The Apostle (October Films). Actor-director-writer Robert Duvall's film--about a Pentecostal preacher who beats his wife's lover into a coma--is deemed "the best movie ever about a man of God" (David Denby, New York). The film's strength is said to be its uncompromising psychological complexity: It shows the preacher as both very good and extremely evil, without lapsing into moral condemnation. Unlike most films about evangelicalism, it is not a condescending "put-down of redneck religion" (David Ansen, Newsweek). The most vigorous plaudits go to Duvall's performance; critics predict that it will revive his career from a slump and win him an Oscar nomination. (The movie is plugged here.)
Oscar and Lucinda (Fox Searchlight Pictures). Critics debate the merits of Australian director Gillian Armstrong (My Brilliant Career, Little Women): Is she "one of the best filmmakers of her time" (Kevin Thomas, the Los Angeles Times) or a filmmaker with promise who consistently disappoints? Many consider her adaptation of Peter Carey's Booker Prize-winning novel--about a romance between two eccentric gamblers, played by Ralph Fiennes and Cate Blanchett--to be disjointed. Others praise its depiction of 19th-century Australia, as well as Fiennes' performance. All agree that Armstrong is a stylist, producing images "suitable for framing" (Janet Maslin, the New York Times). (Clips are available here.)
The Boxer (Universal Pictures). Reviewers claim to be weary of Northern Ireland political dramas but admire this one anyway. High praise goes to Daniel Day-Lewis for his portrayal of a washed-up boxer and former IRA member just released from prison. "His most substantial role in years" (Dennis Lim, the Village Voice). Critics are relieved that the film uses politics only as a backdrop for a romance between Day-Lewis and a married woman (played by Emily Watson). Dissenters find the film rife with political caricature and clichés: "standard-issue IRA dramatics" (Kenneth Turan, the Los Angeles Times). (See the official site.)
Seinfeld (NBC; Thursdays; 9 p.m. ET/PT). Critics laud Jerry Seinfeld's decision to retire his sitcom after this season, "leaving at the top of his game" (Albert Kim, Entertainment Weekly). They say the show's shtick--a comedy about self-involved people doing goofy things--had begun to wear thin. Appreciations deem the nine-season-old show the best of its era and a trenchant critique of late-20th-century social mores. "Television's first genuine comedy of manners since Leave It to Beaver," says Time's Bruce Handy. Prediction: Seinfeld's departure will end NBC's prime-time hegemony, with Fox filling the void. (NBC trumpets its prize show.)
Truman Capote: In Which Various Friends, Enemies, Acquaintances, and Detractors Recall His Turbulent Career, by George Plimpton (Nan A. Talese/Doubleday). A gossipfest about the notorious novelist and gadabout. Most critics take the opportunity to sum up Capote's career: They recall with regret that Capote spent more time schmoozing than writing, and deem his work less memorable than his social appearances, particularly at his fabled 1966 "Black and White Ball" and on the Tonight Show. Critics also chide Plimpton for rehashing, rather than investigating, old accusations, such as Capote's alleged lying and drinking problems. The New York Times' Christopher Lehmann-Haupt calls the compilation "fluff," while the New York Review of Books' Elizabeth Hardwick thinks that its tone suits its subject.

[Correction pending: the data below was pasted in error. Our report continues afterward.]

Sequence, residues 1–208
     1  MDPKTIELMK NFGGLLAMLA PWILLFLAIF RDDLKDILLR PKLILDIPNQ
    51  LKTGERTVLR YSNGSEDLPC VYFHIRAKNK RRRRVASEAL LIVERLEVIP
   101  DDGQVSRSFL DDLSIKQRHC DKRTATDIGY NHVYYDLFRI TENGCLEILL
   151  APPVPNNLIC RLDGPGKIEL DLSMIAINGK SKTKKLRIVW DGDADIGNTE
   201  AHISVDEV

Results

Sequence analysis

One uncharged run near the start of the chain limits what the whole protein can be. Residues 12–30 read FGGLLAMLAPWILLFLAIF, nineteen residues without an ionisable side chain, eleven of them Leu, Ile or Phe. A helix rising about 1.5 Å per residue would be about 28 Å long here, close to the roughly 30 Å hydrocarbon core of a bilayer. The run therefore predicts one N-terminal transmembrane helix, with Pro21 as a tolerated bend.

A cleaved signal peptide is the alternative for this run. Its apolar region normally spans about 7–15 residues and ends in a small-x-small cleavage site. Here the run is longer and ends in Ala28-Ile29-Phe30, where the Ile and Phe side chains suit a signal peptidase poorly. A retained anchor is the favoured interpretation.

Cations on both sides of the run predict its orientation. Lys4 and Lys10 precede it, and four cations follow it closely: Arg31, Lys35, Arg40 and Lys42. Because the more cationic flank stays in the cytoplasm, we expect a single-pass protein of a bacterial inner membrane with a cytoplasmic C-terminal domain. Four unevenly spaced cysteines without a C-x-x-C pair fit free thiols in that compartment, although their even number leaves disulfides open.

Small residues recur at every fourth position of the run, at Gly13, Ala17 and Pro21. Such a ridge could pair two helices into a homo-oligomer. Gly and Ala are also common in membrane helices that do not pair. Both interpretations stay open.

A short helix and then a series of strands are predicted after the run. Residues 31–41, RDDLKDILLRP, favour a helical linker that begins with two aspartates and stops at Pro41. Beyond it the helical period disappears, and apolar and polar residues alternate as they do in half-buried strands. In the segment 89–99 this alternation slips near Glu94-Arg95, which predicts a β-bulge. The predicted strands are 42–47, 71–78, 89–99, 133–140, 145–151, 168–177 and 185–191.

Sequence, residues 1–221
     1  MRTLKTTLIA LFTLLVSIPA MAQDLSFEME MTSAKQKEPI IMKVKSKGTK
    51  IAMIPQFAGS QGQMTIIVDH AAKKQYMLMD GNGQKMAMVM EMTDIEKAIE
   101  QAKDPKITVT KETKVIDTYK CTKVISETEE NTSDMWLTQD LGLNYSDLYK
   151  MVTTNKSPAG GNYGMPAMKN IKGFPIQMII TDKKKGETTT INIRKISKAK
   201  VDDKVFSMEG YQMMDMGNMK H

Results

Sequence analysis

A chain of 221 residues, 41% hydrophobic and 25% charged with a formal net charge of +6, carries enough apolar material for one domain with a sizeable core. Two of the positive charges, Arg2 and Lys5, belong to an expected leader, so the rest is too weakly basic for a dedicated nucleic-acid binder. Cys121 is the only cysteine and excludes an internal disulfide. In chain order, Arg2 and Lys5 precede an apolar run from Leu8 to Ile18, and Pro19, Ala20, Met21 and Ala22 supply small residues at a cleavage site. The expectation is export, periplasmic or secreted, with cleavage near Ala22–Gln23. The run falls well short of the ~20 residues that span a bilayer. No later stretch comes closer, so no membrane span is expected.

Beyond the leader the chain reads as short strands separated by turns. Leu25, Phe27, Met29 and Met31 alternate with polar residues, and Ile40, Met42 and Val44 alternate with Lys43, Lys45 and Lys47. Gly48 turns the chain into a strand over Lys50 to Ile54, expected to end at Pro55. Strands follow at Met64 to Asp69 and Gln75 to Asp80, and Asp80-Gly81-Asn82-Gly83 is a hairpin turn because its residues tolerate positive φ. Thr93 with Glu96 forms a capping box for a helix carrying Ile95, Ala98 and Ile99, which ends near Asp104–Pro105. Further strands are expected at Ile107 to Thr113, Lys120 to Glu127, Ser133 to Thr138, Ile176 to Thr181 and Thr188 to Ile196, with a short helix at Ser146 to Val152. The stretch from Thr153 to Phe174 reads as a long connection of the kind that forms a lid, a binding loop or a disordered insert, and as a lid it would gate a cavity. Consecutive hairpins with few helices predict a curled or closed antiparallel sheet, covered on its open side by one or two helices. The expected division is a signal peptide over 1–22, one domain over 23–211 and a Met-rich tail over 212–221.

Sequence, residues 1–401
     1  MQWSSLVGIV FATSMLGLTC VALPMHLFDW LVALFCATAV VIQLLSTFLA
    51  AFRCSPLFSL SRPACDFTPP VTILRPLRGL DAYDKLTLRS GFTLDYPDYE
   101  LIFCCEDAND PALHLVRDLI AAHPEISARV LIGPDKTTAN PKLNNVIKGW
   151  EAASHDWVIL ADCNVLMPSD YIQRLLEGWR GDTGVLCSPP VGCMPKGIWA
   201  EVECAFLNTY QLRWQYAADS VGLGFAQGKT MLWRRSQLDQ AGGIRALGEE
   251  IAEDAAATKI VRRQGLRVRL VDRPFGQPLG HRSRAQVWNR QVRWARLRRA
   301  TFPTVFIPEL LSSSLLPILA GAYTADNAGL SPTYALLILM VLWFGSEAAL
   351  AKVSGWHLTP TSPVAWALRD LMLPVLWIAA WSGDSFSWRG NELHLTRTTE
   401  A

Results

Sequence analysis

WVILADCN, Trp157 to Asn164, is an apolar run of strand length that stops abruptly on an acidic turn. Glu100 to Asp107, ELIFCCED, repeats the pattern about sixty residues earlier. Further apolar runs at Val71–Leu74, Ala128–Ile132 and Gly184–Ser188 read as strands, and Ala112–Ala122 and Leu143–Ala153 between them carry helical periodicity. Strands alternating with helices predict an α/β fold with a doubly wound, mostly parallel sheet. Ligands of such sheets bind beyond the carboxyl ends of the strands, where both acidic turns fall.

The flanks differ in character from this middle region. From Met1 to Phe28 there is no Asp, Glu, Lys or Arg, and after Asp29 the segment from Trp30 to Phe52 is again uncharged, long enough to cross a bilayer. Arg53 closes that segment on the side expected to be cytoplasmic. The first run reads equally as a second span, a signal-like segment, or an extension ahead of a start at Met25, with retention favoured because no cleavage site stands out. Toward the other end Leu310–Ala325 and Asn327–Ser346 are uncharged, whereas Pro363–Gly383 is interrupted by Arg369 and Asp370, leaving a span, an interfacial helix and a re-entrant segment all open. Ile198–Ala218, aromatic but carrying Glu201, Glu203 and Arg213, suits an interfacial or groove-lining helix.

Paradise, by Toni Morrison (Knopf). Reviews of Morrison's first post-Nobel novel, a Faulknerish tale of an all-black town in Oklahoma, are mixed. The New York Times Book Review's Brooke Allen says it is "[p]roof that Morrison continues to change and mature in surprising new directions." The NewYorker's Louis Menand calls Paradise "the strangest and most original book that Morrison has written," then criticizes it for its lack of cohesion, its failed forays into magical realism, and its willful allegorizing. In the New York Times, Michiko Kakutani calls it "a heavy-handed, schematic piece of writing, thoroughly lacking in the novelistic magic Ms. Morrison has wielded so effortlessly in the past." (Random House posts a page on the book.)
"Northern Lights: The Music of Jean Sibelius" (Lincoln Center, New York City). A spate of recent performances of the Finnish composer's work--at Lincoln Center, Carnegie Hall, and the Brooklyn Philharmonic--sparks Sibelius (1865-1957) revisionism. The old conventional wisdom: Sibelius was a vulgar nationalist (à la Wagner) and a windy Romantic bore. Now, critics declare him a cerebral modernist who eschewed convention: He used "a nineteenth-century vocabulary but speaks with a twentieth-century voice" (Alex Ross, The New Yorker). The revisionists rate him one of the century's great composers.
In a cover story in the Weekly Standard, Andrew Ferguson takes the field of evolutionary psychology to task by attacking its standard bearer, How the Mind Works author Steven Pinker. According to Ferguson, Pinker's seeming endorsement of infanticide in a recent New York Times Magazine article exposes the ethical failings of the wildly popular new branch of science. Ferguson, echoing a charge made by Washington Post columnist Michael Kelly, says that Pinker wants us "to see [infanticide] not as a moral horror but as a genetically encoded evolutionary adaptation, as unavoidable as depth perception or opposable thumbs." (Pinker has denied the accusation, arguing that he is trying to understand infanticidal behavior, not condoning it.)
Recent "Summary Judgment" columns
Winter Movie Roundup
"The Year in Review in Review"
Television--Ally McBeal (Fox);
Art--"Gianni Versace" (Metropolitan Museum of Art);
Architecture--Museum of Modern Art (New York City);
Book--Hogarth: A Life and a World, by Jenny Uglow.
Movie--Good Will Hunting;
Television--Breast Men (HBO);
Theater--The Diary of Anne Frank;
Book--A Certain Justice, by P.D. James.